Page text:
Words hurt. They do.
As I write this, my family has just been attacked by loved ones for our decision to go plant churches in Germany. We are the “crazies.” We are the overly-devoted. Somehow it seems we’ve lost touch with reality.
This happens more often than you would think. When you start taking a stand for your beliefs, or worse: actively doing something because of them, people will think you are crazy.
I know that the offending party in this case and every instance like it holds values very different from my own. I should expect this kind of thing. I should be used to it by now. Yet here I am, hurt to the core, feeling alone with my wife on this road we’re on, like no one gets it.
I know we’re not alone. I also know that the gospel is offensive.1 I know that the “en vogue” movement right now is not just to be an atheist, but to be a militant, inflammatory, smartest-and-most-enlightened-person-in-the-room atheist. In the age-old religious analogy of the blind men exploring the elephant, the modern atheist poses himself as the only man in the illustration with sight, the only one who can seethe blindness of the blind men.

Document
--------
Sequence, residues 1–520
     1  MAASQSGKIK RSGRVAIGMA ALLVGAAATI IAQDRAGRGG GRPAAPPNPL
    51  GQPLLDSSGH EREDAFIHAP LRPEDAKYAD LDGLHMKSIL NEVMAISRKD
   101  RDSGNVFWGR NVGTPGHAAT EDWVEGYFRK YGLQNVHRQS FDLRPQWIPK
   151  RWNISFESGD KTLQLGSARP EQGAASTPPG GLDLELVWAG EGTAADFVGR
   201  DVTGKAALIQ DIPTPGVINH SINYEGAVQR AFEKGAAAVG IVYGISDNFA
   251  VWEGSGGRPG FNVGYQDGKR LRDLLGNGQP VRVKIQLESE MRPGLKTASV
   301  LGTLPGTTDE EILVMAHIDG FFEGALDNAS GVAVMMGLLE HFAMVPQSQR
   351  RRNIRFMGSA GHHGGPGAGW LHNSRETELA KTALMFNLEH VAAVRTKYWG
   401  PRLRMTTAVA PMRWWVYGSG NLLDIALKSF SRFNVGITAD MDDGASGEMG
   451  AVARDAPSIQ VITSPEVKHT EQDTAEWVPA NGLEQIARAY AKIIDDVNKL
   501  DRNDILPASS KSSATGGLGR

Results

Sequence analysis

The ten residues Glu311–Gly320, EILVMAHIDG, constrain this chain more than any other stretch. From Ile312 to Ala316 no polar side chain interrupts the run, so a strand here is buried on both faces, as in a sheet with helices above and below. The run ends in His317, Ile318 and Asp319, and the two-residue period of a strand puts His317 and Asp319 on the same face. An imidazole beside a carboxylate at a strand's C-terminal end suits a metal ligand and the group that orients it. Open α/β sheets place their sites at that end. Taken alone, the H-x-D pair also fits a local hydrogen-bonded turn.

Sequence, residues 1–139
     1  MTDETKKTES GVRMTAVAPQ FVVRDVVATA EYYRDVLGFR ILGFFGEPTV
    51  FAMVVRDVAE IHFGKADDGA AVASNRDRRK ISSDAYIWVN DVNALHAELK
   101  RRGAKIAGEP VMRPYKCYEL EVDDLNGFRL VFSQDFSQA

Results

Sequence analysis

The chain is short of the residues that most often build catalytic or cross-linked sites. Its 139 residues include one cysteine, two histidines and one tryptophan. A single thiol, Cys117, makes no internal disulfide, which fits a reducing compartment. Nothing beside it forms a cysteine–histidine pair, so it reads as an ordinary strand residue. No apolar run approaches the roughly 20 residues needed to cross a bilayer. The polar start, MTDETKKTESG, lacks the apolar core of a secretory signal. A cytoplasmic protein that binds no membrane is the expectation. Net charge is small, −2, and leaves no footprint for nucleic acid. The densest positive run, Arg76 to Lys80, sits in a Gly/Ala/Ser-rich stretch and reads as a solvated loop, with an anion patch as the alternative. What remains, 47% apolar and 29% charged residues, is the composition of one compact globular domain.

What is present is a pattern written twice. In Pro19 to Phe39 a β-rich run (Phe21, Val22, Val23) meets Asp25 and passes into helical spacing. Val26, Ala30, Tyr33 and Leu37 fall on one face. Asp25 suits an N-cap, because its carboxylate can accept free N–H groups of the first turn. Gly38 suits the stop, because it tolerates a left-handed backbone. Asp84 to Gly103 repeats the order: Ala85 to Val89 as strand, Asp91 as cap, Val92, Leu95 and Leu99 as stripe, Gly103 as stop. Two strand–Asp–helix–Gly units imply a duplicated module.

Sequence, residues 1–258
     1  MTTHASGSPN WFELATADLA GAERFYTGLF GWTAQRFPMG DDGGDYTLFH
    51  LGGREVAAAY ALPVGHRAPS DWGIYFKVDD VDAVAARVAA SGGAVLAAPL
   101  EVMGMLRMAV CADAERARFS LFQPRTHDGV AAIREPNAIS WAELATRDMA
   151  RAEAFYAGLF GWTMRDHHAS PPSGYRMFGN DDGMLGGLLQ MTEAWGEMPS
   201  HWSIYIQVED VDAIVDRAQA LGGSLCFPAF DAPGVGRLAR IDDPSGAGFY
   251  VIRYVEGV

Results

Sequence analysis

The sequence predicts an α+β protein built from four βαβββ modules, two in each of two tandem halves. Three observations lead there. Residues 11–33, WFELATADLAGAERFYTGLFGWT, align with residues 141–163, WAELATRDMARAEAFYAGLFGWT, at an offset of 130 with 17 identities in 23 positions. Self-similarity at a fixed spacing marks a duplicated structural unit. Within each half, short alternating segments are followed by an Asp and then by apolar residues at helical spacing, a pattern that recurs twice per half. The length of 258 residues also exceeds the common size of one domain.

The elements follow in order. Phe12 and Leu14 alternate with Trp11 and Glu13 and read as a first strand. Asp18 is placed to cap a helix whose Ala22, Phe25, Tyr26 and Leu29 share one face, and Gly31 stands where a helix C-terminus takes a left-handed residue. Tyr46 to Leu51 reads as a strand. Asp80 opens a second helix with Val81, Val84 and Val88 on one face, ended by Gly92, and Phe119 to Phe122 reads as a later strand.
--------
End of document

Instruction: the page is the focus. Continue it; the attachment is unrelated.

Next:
I get all that.
And still, words hurt.
Even more so when you weren’t intended to see them and the person’s true feelings are borne more vividly than you ever thought imaginable.
Maybe that’s why Jesus spent so much time preparing his disciples to be mistreated.
“Blessed are you when others revile you and persecute you and utter all kinds of evil against you falsely on my account. Rejoice and be glad, for your reward is great in heaven, for so they persecuted the prophets who were before you.” —Matthew 5:11-12
“If the world hates you, know that it has hated me before it hated you. 19 If you were of the world, the world would love you as its own; but because you are not of the world, but I chose you out of the world, therefore the world hates you. 20 Remember the word that I said to you: ‘A servant is not greater than his master.’ If they persecuted me, they will also persecute you.” —John 15:18-20
Christians, the call to be a Christian is a call to be uncomfortable. Tonight, my wife’s and my heart are in anguish; we are far from comfortable. But in this moment, we can find strength in the fact that we know we are right in the center of God’s will. If everyone “got it,” it would be very likely that we had “missed it.”
“Rejoice and be glad, for your reward is great in heaven, for so they persecuted the prophets who were before you.”
Given the choice between “sticks-and-stones,” and “words,” I’ll take physical abuse every time. But given the choice between the God of the Universe, and avoiding such words, I’ll take the verbal abuse every time.
And I’ll praise God in the midst of it.
1 – 2 Corinthians 2:15-16